Is my employer required to give me a severance package?
New Jersey law does not require severance packages, but some employers offer them in the context of separation agreements; always ask a lawyer before signing a separation agreement.Read More
How do you prove wrongful termination?
If your contract lays out grounds for termination the employer cannot fire you on other grounds. The contract itself can help prove wrongful termination by showing the grounds acceptable for termination and any policy or procedure articulated for termination.
Additionally, to show that wrongful termination occurred you must show that you engaged in a protected action and that the protected activity was the reason for the termination.Read More
What is wrongful termination?
Wrongful termination arises when an employee believes the employer illegally fired him or her. This occurs when an employee is fired and that firing breaches an employment contract or employment law.Read More
Can I Get Fired for Discussing Politics on Social Media?
Yes. New Jersey is an at-will employment state which means a private employer can terminate you for any reason or no reason at all. Therefore, if an employer concludes that your speech is causing other employees to feel uncomfortable or is harming or interfering with its business, you could be disciplined or terminated. This extends to posting on social media, wearing political clothing, pins, masks, etc. Make sure to read your employee handbook to find out what conduct violates your workplace rules.Read More
Is Getting Fired Over Email a Form of Wrongful Termation?
In the many states with at-will employment laws, employers are generally within their rights to fire a worker at any time, in any manner – including letter, phone call, or e-mail, provided the firing is not discriminatory or based on a person’s protected class status.
What Is the NJ WARN Act?
The New Jersey Millville Dallas Airmotive Plant Job Loss Notification Act (NJ WARN) expands part of the Federal WARN Act by requiring notice even when the employment losses result from a sale of a business.
The NJ WARN Act also contains strict provisions with respect to job transfer circumstances and penalties for employers violating the Act.Read More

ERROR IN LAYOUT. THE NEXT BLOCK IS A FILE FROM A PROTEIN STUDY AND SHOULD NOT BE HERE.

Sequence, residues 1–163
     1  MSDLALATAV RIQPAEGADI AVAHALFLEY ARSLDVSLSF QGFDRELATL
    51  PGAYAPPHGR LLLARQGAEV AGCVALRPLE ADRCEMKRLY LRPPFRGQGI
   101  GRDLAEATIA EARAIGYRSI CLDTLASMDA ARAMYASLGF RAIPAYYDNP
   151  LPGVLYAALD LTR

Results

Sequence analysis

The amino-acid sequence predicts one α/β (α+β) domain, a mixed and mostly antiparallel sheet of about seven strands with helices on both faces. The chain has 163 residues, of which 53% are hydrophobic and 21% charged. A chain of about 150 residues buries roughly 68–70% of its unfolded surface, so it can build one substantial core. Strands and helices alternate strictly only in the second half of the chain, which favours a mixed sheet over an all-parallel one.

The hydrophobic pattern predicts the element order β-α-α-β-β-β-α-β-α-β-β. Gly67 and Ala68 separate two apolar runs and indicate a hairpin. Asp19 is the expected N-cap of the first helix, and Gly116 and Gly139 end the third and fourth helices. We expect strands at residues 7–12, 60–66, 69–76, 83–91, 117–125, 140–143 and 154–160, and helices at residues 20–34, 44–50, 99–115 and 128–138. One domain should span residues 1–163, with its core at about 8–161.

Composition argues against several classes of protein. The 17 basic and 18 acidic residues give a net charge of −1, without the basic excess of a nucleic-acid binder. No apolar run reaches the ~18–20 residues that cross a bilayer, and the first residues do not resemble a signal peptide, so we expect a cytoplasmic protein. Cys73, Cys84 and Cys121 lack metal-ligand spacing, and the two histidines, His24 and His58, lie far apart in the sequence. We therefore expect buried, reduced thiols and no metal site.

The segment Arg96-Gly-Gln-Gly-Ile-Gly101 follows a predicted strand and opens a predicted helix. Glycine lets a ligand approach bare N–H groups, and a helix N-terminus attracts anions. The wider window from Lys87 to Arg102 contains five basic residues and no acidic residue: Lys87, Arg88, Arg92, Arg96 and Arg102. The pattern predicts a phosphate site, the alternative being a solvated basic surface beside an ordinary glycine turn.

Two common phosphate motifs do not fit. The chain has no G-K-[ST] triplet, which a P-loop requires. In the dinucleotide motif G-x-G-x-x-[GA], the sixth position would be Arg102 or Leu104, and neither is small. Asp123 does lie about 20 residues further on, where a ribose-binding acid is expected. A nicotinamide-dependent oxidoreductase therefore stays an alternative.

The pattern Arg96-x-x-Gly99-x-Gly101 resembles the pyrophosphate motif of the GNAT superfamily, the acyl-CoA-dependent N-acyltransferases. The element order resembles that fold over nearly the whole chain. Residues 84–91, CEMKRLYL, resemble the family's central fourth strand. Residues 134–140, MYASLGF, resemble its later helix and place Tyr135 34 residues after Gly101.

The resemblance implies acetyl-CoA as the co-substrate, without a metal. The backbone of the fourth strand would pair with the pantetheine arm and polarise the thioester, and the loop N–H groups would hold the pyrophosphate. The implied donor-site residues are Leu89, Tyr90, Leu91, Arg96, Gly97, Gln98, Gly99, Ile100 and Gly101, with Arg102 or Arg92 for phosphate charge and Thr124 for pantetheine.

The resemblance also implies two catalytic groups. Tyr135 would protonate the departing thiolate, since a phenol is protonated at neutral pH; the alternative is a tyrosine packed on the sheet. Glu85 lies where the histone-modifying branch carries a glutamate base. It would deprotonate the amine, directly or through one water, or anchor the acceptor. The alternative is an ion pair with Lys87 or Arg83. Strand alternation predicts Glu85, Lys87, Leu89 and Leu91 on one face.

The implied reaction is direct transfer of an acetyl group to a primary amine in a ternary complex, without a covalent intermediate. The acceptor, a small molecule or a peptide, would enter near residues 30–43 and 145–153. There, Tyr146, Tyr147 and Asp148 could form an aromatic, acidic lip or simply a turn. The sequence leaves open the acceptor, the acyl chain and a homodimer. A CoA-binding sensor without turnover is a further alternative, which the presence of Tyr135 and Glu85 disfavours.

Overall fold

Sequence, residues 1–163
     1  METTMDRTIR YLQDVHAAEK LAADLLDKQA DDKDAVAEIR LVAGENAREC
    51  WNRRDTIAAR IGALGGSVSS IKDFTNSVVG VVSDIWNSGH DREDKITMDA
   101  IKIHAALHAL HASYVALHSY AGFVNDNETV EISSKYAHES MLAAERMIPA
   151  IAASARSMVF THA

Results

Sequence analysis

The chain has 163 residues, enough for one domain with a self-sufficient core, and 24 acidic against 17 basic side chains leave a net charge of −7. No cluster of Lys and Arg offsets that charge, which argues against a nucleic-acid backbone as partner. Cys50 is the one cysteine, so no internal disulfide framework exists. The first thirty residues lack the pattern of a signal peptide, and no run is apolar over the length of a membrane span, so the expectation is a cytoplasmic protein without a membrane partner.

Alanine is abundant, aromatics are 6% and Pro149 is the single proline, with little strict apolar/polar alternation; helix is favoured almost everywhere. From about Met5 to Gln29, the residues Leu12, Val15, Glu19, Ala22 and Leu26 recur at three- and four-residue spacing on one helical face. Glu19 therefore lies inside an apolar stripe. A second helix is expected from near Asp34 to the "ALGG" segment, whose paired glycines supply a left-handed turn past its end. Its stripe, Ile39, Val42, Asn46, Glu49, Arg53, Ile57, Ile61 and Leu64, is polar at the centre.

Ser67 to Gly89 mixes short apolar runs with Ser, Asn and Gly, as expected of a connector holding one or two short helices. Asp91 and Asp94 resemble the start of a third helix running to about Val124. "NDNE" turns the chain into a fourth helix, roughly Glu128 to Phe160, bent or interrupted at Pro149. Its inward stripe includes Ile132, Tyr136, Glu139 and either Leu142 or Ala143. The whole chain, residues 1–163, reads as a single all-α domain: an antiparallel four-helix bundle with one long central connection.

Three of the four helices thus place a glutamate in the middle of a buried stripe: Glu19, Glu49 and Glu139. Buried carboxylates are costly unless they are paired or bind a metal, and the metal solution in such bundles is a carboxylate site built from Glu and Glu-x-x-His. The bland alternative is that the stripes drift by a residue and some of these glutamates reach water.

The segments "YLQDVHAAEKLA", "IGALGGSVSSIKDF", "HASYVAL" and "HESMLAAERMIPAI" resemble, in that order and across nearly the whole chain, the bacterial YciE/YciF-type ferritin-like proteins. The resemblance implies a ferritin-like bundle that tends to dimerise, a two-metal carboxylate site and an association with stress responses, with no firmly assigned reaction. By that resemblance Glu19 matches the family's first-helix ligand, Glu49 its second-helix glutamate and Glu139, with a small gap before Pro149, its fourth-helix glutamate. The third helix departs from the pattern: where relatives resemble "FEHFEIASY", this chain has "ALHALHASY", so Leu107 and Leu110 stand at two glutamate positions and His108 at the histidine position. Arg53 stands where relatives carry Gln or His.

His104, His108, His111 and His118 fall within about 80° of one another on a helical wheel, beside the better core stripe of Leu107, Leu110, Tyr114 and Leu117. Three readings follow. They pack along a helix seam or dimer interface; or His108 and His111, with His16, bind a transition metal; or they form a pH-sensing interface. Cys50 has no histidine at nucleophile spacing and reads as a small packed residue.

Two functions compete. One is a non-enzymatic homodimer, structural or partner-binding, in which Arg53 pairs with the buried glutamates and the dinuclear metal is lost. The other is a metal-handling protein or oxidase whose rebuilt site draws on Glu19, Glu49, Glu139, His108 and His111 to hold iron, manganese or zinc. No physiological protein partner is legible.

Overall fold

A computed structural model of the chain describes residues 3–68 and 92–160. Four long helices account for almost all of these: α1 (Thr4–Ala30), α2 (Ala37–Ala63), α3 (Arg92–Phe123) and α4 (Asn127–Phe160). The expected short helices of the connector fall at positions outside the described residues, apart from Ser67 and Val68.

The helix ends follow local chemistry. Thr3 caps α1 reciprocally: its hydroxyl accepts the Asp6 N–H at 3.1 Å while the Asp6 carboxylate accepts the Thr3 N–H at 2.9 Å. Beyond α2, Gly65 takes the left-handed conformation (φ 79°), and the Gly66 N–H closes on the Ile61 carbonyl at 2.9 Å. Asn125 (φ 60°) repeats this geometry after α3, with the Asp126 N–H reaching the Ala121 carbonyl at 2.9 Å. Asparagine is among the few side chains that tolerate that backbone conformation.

Can I Still File a Charge with the EEOC if I Believe that I Have Been Discriminated Against Based on My Age, Race, Sex, or Disability, Even If I Signed a Waiver Releasing My Employer from all Claims?
Yes. While your severance agreement may use broad language to describe the claims you are releasing (i.e., “all claims”), you are within your rights to file a charge with the EEOC if you believe you were discriminated against while you were employed or if you believe you were wrongfully terminated.Read More
Am I a Member of a Protected Class?
Can I Be Wrongfully Fired Even if I am Employed At-Will?
Yes. There are multiple wrongful termination standards which protect employees in at-will employment relationships. This ensures that there are a multitude of scenarios in which a worker’s rights are protected, even for non-contracted work. For example, if a termination is a violation of public policy or of an implied contract it can be disputed.
Was My Termination a Violation of Public Policy?
Some of the most common occurrences of wrongful termination are violations of public policy. This means that the employer’s reasoning for firing their employee violates clear, well-established and well-outlined public policies of the state. For example, it is illegal in most states for an employer to fire an employee for filing a Workers’ Compensation claim. In addition, this covers most discrimination laws. If an employee is fired on the bases of race, religion, gender, sexual orientation or similar reasons, that is considered wrongful termination.
If I Speak Out About Misconduct By My Employer, Can I Be Terminated?
No. Employees who voice concerns about unsafe work conditions or object to illegal business practices cannot be fired on the basis of those complaints.
Known as whistleblowers, these workers are shielded from wrongful discharge by the New Jersey Conscientious Employee Protection Act (CEPA). Under the CEPA, employees are protected from retaliation such as demotion or termination after speaking out about misconduct by their employer.
What Role Does My Employment Contract Play In Helping My Wrongful Termination Case?
Your employment contract could potentially help your wrongful termination case. Another exception to at-will employment is the existence of an employment contract which sets forth:
- Acceptable grounds for termination; and
- Procedures and protocols to be followed by an employer when termination of employment will be sought.
What Does “At-Will” Employment Mean?
“At-will” employment means that an employer or employee may terminate the relationship at any time, without reason or cause. An employer may not, however, terminate a worker’s employment for unlawful cause, such as in violation of NJLAD, in retaliation for reporting harassment or discrimination in the workplace, or for whistleblowing. If you suspect you’ve been terminated for an unlawful reason, you may have grounds for a wrongful termination claim.
Am I Entitled To A Warning Before I Am Terminated?
No, you are not entitled to a warning before you are terminated. New Jersey is an “at-will” employment state, meaning that there is no legal obligation to provide advanced notice to an employee facing termination.
If I Am Successful On A Wrongful Termination Claim Brought Under NJLAD, What Am I Entitled To?
Employees who prevail on a wrongful termination claim under NJLAD are entitled to:
- Reinstatement to their previous position;
- Back pay;
- Damages for pain and humiliation;
- Reimbursement for the loss of fringe benefits; and
- Restoration of health and pension benefits.